For the love of bugs


I have an objection to Christianity that I’ve never heard any atheist voice. And I think I know why. Here it is:

If the Christian God is so great…knows everything about everything and everyone, created the universe out of nothing and is in control of every quark, is perfectly and completely good, holy (and wholly) beyond description…why would he even give a damn (remember, this is the atheist talking) about us grossly inferior human beings? Why would a being so incomprehensibly greater in nature and power want to have anything to do with creatures that are like tiny, annoying stink bugs in comparison?

I hate those damn, I mean, darn stink bugs. Don’t you? But if it’s true, as I believe it is, that compared to God we are just like those insufferable insects, if not worse, then what the Bible teaches about God’s love for us is akin to us loving annoying stink bugs enough to die for them. Uh-uh. That would never happen in our world. So, reason, the atheist might say, requires one to reject such a ridiculous notion.

It is ridiculous, from our perspective. And that’s why it’s so hard for people, including me sometimes, to believe that this great God actually, sincerely, perfectly, and unconditionally loves them. I don’t love stink bugs…nor flies, mosquitos, gnats, or any kind of bug. I kill them, and I enjoy doing it. (Oh, the carnage in my kitchen in the summertime.) Why would God not only not swat a stink bug like me into oblivion but instead love me so much that he would become a stink bug himself so that I could spend eternity with him?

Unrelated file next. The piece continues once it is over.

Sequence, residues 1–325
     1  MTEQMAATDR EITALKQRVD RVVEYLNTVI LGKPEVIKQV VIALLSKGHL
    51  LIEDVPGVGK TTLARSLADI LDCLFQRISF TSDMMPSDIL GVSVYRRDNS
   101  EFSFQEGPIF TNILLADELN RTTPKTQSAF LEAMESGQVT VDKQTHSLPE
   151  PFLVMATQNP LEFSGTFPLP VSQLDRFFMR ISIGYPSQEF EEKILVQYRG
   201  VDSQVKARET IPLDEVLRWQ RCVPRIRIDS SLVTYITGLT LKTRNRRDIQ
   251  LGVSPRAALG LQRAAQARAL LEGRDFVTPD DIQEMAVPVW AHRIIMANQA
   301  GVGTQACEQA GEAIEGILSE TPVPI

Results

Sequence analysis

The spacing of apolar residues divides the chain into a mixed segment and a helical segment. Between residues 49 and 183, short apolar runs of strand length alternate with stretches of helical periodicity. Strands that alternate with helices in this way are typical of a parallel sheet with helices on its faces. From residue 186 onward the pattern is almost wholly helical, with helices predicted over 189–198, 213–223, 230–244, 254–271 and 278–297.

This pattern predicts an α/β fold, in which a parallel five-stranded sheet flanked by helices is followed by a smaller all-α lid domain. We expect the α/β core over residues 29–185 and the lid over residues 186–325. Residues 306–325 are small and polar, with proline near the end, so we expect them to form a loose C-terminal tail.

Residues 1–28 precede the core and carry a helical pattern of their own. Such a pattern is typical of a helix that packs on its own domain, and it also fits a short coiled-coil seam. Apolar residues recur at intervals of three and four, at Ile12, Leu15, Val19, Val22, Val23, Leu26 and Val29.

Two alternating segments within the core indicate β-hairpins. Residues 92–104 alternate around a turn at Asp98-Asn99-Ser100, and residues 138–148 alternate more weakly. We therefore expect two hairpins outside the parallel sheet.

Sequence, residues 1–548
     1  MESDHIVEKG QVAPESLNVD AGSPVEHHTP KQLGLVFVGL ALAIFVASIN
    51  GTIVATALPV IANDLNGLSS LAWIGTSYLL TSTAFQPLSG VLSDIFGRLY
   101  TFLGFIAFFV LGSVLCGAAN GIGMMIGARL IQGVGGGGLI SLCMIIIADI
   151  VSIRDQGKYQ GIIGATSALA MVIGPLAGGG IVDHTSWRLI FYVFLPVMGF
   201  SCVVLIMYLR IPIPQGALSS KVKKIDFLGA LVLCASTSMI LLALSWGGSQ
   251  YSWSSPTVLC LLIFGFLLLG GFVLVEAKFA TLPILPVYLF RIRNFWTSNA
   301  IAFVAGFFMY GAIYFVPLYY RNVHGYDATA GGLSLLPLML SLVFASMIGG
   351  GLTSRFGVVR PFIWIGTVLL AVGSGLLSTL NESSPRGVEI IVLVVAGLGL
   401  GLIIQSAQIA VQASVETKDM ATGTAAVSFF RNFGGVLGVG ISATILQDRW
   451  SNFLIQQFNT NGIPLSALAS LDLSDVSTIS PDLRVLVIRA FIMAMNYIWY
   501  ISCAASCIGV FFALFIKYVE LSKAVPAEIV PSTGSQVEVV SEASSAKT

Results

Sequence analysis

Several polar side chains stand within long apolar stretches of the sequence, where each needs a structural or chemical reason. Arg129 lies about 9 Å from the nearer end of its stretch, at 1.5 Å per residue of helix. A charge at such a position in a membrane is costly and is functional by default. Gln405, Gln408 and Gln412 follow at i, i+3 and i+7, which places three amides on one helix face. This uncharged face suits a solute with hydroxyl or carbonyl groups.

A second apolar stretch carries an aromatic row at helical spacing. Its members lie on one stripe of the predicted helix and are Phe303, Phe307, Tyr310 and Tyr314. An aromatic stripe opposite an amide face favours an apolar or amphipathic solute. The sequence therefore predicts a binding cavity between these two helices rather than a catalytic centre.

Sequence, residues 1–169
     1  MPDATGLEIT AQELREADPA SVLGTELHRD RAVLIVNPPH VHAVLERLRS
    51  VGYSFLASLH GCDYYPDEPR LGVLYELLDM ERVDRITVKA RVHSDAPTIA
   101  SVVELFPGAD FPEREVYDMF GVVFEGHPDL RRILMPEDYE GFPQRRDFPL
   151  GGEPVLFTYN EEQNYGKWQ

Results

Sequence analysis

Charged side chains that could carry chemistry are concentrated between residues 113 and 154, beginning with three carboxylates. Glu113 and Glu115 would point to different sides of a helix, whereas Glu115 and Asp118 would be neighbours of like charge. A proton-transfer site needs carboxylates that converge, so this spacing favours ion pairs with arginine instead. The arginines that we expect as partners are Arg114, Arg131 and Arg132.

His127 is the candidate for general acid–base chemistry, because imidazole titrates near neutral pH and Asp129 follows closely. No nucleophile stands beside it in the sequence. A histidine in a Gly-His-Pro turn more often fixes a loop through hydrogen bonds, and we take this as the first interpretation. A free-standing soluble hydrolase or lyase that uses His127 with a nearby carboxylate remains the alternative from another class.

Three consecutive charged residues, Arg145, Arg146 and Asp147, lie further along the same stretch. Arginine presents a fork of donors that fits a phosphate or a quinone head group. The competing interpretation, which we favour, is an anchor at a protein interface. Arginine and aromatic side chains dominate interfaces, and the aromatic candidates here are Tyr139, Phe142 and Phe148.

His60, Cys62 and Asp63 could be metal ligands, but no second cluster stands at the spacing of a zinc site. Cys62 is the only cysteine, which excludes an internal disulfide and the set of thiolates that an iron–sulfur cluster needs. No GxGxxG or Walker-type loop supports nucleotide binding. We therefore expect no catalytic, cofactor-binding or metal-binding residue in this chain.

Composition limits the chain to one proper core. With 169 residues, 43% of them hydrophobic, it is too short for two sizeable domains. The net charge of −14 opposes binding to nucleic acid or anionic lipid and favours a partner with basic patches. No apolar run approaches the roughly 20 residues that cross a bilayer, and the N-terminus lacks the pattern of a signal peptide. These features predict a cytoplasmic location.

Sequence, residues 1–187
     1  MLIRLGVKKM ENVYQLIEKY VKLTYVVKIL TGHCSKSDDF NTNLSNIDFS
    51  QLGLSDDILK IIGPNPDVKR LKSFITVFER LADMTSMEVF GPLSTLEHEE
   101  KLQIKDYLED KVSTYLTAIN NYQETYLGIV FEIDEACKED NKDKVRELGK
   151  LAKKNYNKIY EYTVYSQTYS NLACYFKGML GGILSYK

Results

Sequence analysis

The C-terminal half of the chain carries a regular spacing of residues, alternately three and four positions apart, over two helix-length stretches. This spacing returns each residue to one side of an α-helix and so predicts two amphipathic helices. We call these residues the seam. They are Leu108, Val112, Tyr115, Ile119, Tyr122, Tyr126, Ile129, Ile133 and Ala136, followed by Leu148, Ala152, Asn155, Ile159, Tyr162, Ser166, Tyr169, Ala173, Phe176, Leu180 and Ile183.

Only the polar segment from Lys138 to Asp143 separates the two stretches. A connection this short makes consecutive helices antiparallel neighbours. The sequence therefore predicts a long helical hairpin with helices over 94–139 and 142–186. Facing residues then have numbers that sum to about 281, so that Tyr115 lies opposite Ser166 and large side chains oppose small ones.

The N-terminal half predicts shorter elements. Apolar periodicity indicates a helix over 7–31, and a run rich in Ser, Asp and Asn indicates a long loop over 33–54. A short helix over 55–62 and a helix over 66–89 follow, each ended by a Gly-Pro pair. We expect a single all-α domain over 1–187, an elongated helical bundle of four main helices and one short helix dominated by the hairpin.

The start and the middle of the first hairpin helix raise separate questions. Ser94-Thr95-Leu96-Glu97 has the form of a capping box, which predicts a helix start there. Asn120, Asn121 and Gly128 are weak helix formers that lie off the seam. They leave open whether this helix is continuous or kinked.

It’s incomprehensible, but why should we expect it to be otherwise? Can an insect comprehend why we do anything we do? The very fact that God is so much greater than we means that we are inherently incapable of understanding much of the whys and hows of what he does. If we could, we could conceivably be gods ourselves.

But since we can know with great confidence THAT he exists, and THAT he is incredibly powerful, and THAT Jesus of Nazareth is God in the flesh and taught and demonstrated his great love for us while he lived among us as a fellow bug, we can believe and trust though we cannot understand.

Though I haven’t run across any, there are probably some atheists who have this objection in their arsenal, along with the hiddenness of God and the problem of pain and suffering. But I suspect that for most it never occurs to them because they have a deficient apprehension of both the greatness of God and the smallness of man. The dichotomy is missed and the chasm misjudged, so their view of man’s relationship to God is misrepresented and mistaken.

There’s a parable Jesus told which speaks to this dichotomy overcome and chasm bridged by God’s love for those made in his image, however distorted. A self-righteous Jewish leader thought it ridiculous that Jesus would allow an immoral woman to wash and kiss his feet. But Jesus challenged the Pharisee’s reasonable evaluation with a story about a moneylender who forgave two debts, one exceedingly greater than the other. Which debtor would love the moneylender more? he asked. The answer is obvious, but the real lesson, I believe, is not that the more one is forgiven the more one loves. It’s that we are all immeasurably inferior to God and cannot hope to have a relationship with him unless he reaches down in forgiveness and draws us to himself. And that it is those who recognize how great their debt is, and that they cannot pay it, who will respond to him in love.

Our debt is great, the disparity is great, but the Father’s deep, deep love for us is greater still. And for all who see it…when the light comes on for all who have the eyes of their hearts open…they are like stink bugs to a flame.